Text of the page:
When you advise students to come to the UWC, please remind them to bring a copy of the assignment. Such context is extremely valuable to the PLF. In addition, if you want the student to focus on something specific, send a note along that indicates this. The PLF and the student will then be mindful of your concerns.
- Can I Verify that My Students Came to the Writing Center?
Sessions between a PLF and student are confidential. If a student gives permission, the PLF will send you an e-mail detailing the date the student visited the Center, the assignment the student worked on, and the aspects of the assignment or the writing process discussed during the session.
Unfortunately, students occasionally tell instructors they visited the Undergraduate Student Writing Center when, in fact, they did not. If you have questions about whether a student visited the Center, send email to email@example.com or call Christine Holten at 310-206-1320.
- Will Students' Writing Improve Substantially after a Visit to the UWC?
We help students at any stage of the writing process and on specific writing assignments in your course. While we do help students with particular writing assignments, our ultimate goal is to help them become effective and confident writers. Thus, even after a visit to the Undergraduate Student Writing Center, a student’s paper may still have errors or larger organizational or content problems. Because our time with a student is limited, we have to set priorities about what aspects of writing or a given assignment to work on. These priorities are set together by the PLF and the student writer. In a 50-minute session, the student and PLF may only have time work on a thesis or practice identifying and editing recurring grammar, usage or punctuation problems. Although the student may be able to use what has been discussed with a PLF to improve some parts of a paper, there may be other problems that the student is still not able to work on. That’s why we encourage students to schedule subsequent appointments.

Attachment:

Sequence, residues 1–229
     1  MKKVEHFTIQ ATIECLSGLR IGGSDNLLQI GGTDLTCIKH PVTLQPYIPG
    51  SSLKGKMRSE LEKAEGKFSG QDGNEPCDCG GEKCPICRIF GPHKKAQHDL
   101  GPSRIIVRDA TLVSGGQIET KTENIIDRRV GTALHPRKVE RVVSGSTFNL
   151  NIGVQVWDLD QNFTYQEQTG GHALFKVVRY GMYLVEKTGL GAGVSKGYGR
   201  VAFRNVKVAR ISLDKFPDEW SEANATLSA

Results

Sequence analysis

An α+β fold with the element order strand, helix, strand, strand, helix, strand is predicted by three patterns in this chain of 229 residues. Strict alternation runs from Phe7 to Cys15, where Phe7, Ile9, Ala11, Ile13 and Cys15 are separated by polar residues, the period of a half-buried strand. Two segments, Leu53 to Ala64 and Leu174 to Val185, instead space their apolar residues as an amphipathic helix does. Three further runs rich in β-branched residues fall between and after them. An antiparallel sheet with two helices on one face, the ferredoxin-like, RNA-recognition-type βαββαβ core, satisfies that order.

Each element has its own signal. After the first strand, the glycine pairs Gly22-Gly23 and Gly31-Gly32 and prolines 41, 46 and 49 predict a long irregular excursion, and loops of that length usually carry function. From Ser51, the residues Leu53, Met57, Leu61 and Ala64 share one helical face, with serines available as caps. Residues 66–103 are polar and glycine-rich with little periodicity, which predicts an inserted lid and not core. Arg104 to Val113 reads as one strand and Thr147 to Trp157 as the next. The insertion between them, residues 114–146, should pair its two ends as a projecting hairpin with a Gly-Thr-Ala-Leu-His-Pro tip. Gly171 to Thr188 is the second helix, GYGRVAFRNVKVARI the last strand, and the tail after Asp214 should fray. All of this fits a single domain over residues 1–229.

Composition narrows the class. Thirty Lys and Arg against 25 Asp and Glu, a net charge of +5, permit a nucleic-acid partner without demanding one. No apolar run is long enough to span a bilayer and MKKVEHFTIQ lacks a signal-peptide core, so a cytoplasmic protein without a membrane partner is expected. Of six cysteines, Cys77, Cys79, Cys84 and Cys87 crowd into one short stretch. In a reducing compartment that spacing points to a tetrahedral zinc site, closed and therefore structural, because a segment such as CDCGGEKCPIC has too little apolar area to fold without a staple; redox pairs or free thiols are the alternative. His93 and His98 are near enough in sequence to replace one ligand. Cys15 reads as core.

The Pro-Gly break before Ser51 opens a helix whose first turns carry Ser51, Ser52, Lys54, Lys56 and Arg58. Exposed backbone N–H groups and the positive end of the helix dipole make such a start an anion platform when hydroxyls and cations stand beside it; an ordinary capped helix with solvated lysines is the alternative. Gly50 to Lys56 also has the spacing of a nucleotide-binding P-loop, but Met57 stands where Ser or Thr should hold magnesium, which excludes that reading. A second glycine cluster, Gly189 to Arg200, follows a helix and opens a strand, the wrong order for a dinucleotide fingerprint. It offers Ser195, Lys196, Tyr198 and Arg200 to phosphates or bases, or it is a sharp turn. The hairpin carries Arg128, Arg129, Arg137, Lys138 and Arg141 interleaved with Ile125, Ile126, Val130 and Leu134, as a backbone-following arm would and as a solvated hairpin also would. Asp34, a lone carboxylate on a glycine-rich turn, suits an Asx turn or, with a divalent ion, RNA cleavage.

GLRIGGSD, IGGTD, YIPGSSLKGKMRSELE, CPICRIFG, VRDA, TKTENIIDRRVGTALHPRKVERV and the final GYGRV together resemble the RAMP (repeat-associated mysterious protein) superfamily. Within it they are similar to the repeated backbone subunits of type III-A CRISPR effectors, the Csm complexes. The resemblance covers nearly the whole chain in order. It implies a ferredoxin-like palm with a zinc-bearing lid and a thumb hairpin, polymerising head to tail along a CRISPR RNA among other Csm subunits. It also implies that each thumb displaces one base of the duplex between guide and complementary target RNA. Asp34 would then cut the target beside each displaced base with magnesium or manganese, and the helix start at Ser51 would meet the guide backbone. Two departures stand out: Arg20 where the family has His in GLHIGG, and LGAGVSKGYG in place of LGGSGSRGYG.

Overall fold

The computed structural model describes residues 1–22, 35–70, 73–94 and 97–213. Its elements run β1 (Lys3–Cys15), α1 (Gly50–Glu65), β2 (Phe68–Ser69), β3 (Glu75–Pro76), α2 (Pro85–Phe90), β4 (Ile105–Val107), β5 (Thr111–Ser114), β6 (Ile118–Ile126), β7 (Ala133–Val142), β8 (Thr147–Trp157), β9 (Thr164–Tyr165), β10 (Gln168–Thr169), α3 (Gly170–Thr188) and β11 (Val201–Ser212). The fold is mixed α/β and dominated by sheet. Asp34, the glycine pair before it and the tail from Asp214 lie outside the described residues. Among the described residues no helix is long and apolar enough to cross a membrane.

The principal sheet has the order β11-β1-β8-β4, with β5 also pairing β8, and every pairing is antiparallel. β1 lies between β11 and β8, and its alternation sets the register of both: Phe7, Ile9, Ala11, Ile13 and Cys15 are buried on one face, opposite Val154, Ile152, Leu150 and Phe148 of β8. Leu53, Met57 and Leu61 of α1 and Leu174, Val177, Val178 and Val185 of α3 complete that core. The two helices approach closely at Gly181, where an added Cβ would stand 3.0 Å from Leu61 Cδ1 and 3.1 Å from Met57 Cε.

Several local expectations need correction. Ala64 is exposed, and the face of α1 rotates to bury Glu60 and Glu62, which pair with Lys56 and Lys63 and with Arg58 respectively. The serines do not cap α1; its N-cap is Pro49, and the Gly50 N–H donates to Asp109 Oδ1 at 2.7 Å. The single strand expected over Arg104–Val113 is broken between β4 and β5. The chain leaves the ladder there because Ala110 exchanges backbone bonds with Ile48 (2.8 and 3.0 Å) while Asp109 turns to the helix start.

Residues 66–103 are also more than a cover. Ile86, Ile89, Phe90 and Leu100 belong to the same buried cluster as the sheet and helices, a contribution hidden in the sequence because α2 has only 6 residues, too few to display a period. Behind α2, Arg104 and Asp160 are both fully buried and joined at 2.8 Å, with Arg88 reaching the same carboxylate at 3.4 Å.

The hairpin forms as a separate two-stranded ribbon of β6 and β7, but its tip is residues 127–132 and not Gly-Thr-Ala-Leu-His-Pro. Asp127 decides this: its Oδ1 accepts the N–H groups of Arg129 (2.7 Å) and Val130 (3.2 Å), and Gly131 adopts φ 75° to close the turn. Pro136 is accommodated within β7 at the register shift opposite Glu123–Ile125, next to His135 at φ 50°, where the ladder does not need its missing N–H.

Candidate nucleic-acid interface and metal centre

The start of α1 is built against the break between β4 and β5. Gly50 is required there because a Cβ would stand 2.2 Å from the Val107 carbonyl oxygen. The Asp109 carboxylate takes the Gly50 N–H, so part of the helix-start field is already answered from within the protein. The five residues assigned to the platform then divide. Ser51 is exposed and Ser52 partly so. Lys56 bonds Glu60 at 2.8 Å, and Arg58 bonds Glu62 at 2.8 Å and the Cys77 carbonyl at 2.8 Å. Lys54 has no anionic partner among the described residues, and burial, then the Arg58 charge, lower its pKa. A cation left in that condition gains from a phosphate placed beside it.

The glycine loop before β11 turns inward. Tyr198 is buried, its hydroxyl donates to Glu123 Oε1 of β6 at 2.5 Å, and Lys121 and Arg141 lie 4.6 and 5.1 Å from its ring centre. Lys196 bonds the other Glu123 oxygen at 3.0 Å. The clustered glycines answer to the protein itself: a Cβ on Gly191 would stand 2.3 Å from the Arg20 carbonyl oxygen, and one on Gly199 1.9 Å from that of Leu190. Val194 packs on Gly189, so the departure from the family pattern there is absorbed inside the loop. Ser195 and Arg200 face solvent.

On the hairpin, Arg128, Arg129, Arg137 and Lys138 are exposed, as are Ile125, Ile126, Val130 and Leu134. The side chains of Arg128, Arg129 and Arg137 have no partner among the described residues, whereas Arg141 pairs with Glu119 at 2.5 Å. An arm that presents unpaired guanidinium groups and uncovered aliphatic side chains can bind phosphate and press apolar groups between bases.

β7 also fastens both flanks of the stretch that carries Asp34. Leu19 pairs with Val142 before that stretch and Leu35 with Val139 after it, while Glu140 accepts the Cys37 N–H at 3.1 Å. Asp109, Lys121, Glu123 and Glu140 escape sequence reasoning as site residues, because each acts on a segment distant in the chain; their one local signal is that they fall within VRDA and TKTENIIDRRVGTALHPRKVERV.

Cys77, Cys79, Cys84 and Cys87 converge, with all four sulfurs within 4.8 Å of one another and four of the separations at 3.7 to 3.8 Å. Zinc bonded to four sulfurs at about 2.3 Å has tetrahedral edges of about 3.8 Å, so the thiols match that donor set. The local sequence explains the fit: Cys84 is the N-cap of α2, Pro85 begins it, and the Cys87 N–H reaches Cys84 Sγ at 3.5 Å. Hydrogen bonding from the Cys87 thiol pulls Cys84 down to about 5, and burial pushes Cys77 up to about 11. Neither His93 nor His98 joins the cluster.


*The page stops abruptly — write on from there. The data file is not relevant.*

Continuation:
We will not help students with “take home exams” unless we have written permission from you. You may either send a note along with the student or leave a message with Christine Holten, by contacting her at firstname.lastname@example.org or calling 310-206-1320.
- How Does the UWC Handle Plagiarism?
At the Undergraduate Writing Center, we help writers use and credit sources appropriately. This includes how to paraphrase and summarize source information properly, how to incorporate sources into one’s own writing, and when it is necessary to cite source information. If a PLF has concerns about how research is used in a writer’s text, PLFs will point these out and help the writer to effectively incorporate and appropriately cite the source information. The PLF will also discuss UCLA’s policy on academic honesty and plagiarism so that the writer is aware of the consequences of plagiarism. If a PLF feels that a writer is not willing to revise potentially plagiarized elements of a paper, the PLF has the discretion to end the appointment.